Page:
A Legacy of Annihiliation

May 23, 2009

Palahniuk takes an expansive approach to the culling song in his book Lullaby. For those who have not read the book, it features a bedtime poem, the recitation of which kills the listener. If word got out that this poem can kill, it would  create mass panic, leading to restrictions on sound and limits on anything that could carry this killer spell. Things would get very quiet.

That puts him within the thematic legacy of annihilation. Gilgamesh and Noah are part of that tradition – one could say they are its progenitors, at least in the scope of Western Literature – while Kurt Vonnegut’s ice-nine in Cat’s Cradle is a 20th-century take on the classic end-of-the-world conceit. What would you expect of literature from a century of nuclear technology, catastrophic wars,  and environmental decline, when we perfect our ability to blow up the world?

For Palahniuk, the annihilation is numbing. Big Brother controls through noise, something that winnows its way into your head like the Ceti eels in Star Trek II, and there is no big explosion, no gore … people just drop. Sort of like the people who watched the movie An Echo of Wolves in my serial Martin Garvin. Except I had not yet reached such broad societal implications as Palahniuk.

So, from the first time time we’ve put writing implement to writing recipient, we have been trying to imagine and predict the cause of our annihilation. And we generally imagine it to be our fault. From the early days – when rampant sin prompted the powers in the sky to cleanse the earth – to now, when rampant consumption threatens to make the world uninhabitable. The Bible even warned us that the end of the world is coming (expedited by the flaws in our human natures).

This literary legacy of annihilation makes for an interesting companion to the Socratic tradition on the limits of our knowledge – or if you prefer Shakespeare – “The fool doth think he is wise, but the wise man knows himself to be a fool” (As You Like It, Act V, Scene I). Truth is, we probably won’t see the killing blow until it is too late. Take, for example, the species disappearing from our planet today. Conservationists have fought for years against hunting and poaching, only to see species, even the most protected species (apes, tigers, cheetahs, rhinos), on the brink due to habitat loss and deforestation. The end is not as dramatic as once envisioned, it is much more gradual, a cancer that is slower, more internal, but just as ugly and arguably more difficult to avert. And one we did not see until, in many cases, we were past the tipping point. Seriously, did anyone expect a bedtime poem to cause the end of the world?

Snowmobiles of Doom

April 25, 2009

“Every generation wants to be the last.” That is one of the many mantras repeated throughout Lullaby (like I said before, Palahniuk’s literary strategies would fall flat from the pen of a lesser writer). I hear that aphorism, and I can’t help but think of snowmobiles in Yellowstone, four wheelers through national parks. Maybe we do want to destroy the world, to trundle through the trees and undergrowth belching smoke and sound, to make such a deep and indelible mark on a place that others have to notice. We want to intrude on their experiences, now and for the forseeable future.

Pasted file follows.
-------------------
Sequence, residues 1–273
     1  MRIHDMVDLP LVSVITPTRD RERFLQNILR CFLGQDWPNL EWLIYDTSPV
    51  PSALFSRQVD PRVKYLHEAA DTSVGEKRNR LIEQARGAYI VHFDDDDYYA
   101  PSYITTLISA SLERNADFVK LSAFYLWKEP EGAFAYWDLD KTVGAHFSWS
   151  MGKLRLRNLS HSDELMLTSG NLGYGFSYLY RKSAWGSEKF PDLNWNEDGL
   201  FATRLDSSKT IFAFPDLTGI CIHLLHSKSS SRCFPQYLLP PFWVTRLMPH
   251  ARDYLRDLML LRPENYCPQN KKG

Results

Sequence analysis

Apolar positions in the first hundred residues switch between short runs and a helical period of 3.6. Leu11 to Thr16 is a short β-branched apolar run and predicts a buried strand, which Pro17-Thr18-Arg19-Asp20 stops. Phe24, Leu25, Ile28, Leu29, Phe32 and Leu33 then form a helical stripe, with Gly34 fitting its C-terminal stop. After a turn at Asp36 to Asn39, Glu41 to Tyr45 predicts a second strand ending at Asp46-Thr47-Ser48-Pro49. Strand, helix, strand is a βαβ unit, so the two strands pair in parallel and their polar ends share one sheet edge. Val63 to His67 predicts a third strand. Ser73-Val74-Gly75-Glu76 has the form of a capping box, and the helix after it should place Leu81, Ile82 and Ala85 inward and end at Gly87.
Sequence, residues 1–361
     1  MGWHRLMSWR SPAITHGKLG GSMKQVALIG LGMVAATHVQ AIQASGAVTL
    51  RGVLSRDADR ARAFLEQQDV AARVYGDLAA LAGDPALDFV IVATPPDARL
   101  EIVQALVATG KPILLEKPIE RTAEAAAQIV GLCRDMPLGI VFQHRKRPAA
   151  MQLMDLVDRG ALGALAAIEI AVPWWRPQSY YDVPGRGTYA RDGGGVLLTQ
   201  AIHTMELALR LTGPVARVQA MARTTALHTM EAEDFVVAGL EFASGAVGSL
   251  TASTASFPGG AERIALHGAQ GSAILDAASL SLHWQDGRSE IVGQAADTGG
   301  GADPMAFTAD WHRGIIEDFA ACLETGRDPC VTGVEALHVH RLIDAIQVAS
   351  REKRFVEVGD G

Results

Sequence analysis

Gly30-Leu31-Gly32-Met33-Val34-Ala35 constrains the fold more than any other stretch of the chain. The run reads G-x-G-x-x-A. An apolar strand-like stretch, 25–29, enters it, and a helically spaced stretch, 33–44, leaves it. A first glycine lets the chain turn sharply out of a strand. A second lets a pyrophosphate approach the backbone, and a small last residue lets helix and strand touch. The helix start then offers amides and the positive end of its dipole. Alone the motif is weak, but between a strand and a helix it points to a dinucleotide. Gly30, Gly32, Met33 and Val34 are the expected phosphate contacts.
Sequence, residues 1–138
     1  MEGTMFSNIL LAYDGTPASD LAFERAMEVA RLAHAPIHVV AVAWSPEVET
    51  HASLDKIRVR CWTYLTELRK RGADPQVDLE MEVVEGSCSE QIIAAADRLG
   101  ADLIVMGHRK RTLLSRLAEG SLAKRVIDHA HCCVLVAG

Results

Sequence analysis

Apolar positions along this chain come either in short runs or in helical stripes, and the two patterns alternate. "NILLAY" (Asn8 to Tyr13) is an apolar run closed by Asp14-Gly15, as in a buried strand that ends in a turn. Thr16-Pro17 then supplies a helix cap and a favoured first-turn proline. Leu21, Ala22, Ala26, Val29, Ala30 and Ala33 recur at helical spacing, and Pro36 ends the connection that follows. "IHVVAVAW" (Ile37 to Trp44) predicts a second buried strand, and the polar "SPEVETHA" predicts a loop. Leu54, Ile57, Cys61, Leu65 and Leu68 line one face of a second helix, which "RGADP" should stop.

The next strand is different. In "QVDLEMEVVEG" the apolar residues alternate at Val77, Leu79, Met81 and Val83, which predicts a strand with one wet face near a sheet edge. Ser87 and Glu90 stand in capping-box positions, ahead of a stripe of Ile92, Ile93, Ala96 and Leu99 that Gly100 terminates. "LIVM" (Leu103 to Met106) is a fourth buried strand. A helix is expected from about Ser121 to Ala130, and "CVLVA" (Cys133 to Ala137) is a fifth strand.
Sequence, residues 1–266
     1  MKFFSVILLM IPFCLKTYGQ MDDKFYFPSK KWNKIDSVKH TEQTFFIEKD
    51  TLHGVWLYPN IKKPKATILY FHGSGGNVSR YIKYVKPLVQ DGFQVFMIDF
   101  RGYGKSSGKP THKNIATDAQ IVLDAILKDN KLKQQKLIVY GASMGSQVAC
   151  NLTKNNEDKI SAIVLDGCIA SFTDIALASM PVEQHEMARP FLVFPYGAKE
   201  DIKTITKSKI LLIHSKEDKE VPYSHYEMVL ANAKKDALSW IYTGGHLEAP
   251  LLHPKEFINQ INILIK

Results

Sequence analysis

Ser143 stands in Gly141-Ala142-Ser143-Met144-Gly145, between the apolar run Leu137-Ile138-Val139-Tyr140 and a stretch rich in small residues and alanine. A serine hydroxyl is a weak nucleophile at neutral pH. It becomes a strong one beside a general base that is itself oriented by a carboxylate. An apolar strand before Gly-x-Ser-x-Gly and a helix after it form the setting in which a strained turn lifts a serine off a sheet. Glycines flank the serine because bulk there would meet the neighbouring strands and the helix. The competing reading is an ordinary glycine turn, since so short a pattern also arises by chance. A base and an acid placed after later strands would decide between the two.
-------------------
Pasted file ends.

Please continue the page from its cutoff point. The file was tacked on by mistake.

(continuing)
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Damn that Palahniuk

April 10, 2009

Chuck Palahniuk can do things that elude us lesser writers. There is a quality to his writing that is prima facie absurd. It shouldn’t work. Kurt Vonnegut was the same way. It is absurd to think you can end multiple paragraphs and sections with the refrain “So it goes.” But Vonnegut does it, and it works. If anyone else tries the same thing (or at least a similar convention), the work falls apart. They read like a poor copy of Kurt Vonnegut.

Regarding Palahniuk, who else could offer up the refrain, “I am Jack’s Raging Bile Duct” without sounding like a boob? That struck me as I was reading Lullaby the other day (and yes, I know that previous quote is from Fight Club). He has that same Vonnegut-like quality – he does things on the printed page that should not work. And I know. I’ve written lots of things that haven’t worked. And I’ve read a few short stories from the bizarro genre, which has tried to associate itself with Palahniuk, but (to me, at least) most of the “bizarro” stories come across as self-indulgent, with a Mad Libs approach to the profane. In contrast, Palahniuk’s work is complete, organic, where lesser writers sound trite and derivative.

And speaking of derivative, Lullaby has that same theme of “deadly art” that I was using in Martin Garvin, except he has a killer poem (or culling song) and mine was a movie. Damn you, Noosphere! Not that I ever thought that plot point was original.

Monty Python has a classic skit with “the deadliest joke in the world,” which the allies used as a weapon of mass destruction (and that was the motivation for the government agents in Martin Garvin Part 2).

Lovecraft imagined a world of ancient tomes where reading the words of certain ancient texts would drive one mad.

Del Close and John Ostrander told the story of a root that gives the ultimate high before killing you, in the unfortunately named “Foo Goo,” from the comic-book anthology series Wasteland #1. (How’s that for an obscure reference?)

The Ring had a killer videotape. In keeping with the limitations of that analog world, one has to wait a few days after watching the videotape to meet one’s demise.

Original ideas are hard to come by, so says Ecclesiastes. I don’t think that should be a deterrant to creating. But still, I also noticed some similarities between Palahniuk’s character Oyster (in Lullaby) and a character in one of my short stories. No wonder that damn story keeps getting rejected…